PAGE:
A few days ago, Rick asked if I would say something at Deb's memorial celebration. And while there are many things I could say about Deb, I’m going to focus in on two things Rick said to me shortly after her passing that have haunted me ever since. The first was that Rick said Deb was a “serial forgiver.” And the second thing he said was that until recently, Deb didn’t think she qualified to be considered an “artist.”
First, a little context for why I’m here. I met Rick and Deb back in 1993, shortly after they moved to Gambier from Chicago. They came to my house for dinner, and from that point on were regular members of the household. Sometimes, we even placed a couple of extra plates at the table, just in case they showed up at the door needing some food and friendship after working ridiculous hours at the business they came to Knox County to take over. Throughout the years, we celebrated successes and milestones with each other, and comforted each other in times of failure and loss. And perhaps the truest test of friendship is that we helped each other move lots and lots of stuff, lots and lots of times, and lots more times than any of us would like to admit, and we did so without second-thought or complaining. What I’m trying to get across to you is that we became each other’s chosen family. And even when Deb moved up to Maumee to be with Rick, we continued to get together when possible. In between get-togethers, Deb and I spoke by phone. And each of our conversations would always start the same way. We’d chit-chat for a few minutes before getting down to real business, which always started when one of us asked the other, “So: how are you doing? Really.”
Over the last two decades, I was privileged to be able to be there for Deb during difficult times in her life, and boy was she ever there for me during my struggles. One of the things I came to learn about Deb was just how deep her ability for compassion ran. She was compassionate toward everyone, and she was certainly compassionate towards me over the years. She realized that everyone struggles with choices in life—some of us more spectacularly so than others—and she realized that our demons sometimes shout down the better angels in our heads and temporarily win. But she also knew that that didn’t necessarily make you a terrible person in your heart. The thing that mattered to Deb was whether or not there was any real personal recognition, and whether or not the person strove to do better in the future.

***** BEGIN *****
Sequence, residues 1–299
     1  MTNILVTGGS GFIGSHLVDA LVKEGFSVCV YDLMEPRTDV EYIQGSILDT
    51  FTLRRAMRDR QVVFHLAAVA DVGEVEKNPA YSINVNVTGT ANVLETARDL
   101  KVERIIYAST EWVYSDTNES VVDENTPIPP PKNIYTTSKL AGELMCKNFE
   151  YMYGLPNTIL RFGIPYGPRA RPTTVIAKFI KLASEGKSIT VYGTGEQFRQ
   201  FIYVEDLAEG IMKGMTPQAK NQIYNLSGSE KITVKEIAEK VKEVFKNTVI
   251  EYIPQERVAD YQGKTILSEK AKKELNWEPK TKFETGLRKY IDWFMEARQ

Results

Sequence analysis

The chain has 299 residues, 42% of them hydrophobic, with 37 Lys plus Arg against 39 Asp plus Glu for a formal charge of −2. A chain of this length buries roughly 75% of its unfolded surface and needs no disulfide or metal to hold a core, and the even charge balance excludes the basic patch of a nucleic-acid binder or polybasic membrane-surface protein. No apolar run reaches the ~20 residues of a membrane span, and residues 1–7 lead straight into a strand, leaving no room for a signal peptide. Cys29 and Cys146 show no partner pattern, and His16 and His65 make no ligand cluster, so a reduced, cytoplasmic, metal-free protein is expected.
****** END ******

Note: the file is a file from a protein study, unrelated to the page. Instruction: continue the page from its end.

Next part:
Authenticity was important to Deb. While she was kind to everyone, she had little time to invest in people who were false and took no responsibility. But if you were sincere in wanting to clean up your mess, then you had no greater cheerleader than Deb Yorde. So it came as no shock to me when Rick told me a couple of weeks ago that he received an email from one of Deb’s boyfriends of 40 years ago, who said that she never gave up on him, even when he kept messing up: she saw there was real value in him, and miraculously found a way to hold onto that and continue to cheer him on through his struggles. I also experienced this first-hand with Deb. So this is the “serial forgiver” part of her being.